Industrial and Financial Reconstruction in India!


The Government of India set up a Board for Industrial and Financial Reconstruction (BIER) under the Sick Industrial Companies (Special Provisions) Act (SICA) 1985.

The board became operational from May 15, 1987. The amendment in the Sick Industrial Companies Act (SICA) in December 1991 brought public sector enterprises also within the purview of BIFR. The industrial companies (other than those specifically exempted under the Act) whose net worth has been eroded completely or by 50 per cent or more are required to make a reference to the BIFR under sections 15 and 23 of the Act, respectively.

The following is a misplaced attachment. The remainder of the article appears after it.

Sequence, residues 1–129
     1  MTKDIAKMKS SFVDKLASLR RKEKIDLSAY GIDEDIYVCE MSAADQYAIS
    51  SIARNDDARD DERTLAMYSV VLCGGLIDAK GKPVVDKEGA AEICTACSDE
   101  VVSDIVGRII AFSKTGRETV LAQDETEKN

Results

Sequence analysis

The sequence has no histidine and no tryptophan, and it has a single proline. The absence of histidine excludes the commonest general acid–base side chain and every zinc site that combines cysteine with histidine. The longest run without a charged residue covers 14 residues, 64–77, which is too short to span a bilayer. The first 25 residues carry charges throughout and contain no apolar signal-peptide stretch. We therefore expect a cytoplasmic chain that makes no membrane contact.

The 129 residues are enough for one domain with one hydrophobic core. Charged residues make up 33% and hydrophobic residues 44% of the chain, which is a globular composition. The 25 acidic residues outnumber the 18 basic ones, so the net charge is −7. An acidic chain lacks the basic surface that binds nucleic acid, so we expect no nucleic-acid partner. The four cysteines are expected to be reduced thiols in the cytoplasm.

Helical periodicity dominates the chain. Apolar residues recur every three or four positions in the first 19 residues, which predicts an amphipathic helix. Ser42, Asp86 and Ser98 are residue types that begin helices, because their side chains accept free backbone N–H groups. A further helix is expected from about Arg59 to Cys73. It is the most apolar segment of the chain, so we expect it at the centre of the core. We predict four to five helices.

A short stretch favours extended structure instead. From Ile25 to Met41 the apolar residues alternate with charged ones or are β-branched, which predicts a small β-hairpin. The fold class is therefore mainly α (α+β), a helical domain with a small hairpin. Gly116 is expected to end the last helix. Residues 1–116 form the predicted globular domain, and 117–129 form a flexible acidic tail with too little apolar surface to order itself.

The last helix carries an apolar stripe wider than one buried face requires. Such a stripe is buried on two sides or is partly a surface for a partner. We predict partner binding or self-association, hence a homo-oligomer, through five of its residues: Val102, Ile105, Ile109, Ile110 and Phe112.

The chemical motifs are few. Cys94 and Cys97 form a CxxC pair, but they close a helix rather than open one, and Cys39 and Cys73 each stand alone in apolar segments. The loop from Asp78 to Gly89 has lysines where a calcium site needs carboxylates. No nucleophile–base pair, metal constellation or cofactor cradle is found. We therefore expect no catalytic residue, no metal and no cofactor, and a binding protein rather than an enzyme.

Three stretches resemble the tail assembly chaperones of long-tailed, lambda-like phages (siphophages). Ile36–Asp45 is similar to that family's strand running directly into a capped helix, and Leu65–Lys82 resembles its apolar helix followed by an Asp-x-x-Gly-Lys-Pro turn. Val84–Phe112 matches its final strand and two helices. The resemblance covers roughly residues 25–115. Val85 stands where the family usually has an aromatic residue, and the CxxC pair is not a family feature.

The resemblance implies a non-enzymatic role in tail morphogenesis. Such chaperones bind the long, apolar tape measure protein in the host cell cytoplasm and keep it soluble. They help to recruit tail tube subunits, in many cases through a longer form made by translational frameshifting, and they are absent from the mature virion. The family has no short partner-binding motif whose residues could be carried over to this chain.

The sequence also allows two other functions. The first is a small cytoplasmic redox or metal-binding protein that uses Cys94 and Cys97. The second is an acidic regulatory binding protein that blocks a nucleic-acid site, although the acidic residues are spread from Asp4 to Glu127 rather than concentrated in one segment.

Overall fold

The present BIFR norms lay down that a unit must be in existence for a minimum period of five years for it to qualify for classification under the BIFR Act in case of sickness. The powers of BIFR are wide ranging and extend to the framing of the scheme of amalgamation, merger and financial reconstruction. The scheme relating to revival of any sick industrial company offered by BIFR could provide for financial assistance by way of loans, advances, guarantees, reliefs etc. from official financial institutions.


The scheme offered by BIFR for the revival of a sick industrial company may provide for any one or more of the following measures:

1. The financial reconstruction of the sick unit so as to make it viable.